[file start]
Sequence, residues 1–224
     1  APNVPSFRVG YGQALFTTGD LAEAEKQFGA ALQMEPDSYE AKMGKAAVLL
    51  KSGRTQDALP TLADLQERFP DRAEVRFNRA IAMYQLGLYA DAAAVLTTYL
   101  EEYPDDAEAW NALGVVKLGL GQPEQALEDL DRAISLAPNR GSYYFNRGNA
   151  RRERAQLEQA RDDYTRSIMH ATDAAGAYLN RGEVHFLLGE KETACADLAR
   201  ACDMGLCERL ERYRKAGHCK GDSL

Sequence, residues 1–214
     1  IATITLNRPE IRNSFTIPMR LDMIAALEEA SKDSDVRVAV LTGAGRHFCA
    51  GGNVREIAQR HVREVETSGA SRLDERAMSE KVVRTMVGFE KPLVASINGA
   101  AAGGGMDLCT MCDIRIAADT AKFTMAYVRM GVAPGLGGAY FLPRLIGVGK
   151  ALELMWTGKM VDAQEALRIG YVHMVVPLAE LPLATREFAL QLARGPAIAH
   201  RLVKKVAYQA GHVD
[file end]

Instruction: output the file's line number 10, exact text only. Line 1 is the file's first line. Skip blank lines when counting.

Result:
   101  AAGGGMDLCT MCDIRIAADT AKFTMAYVRM GVAPGLGGAY FLPRLIGVGK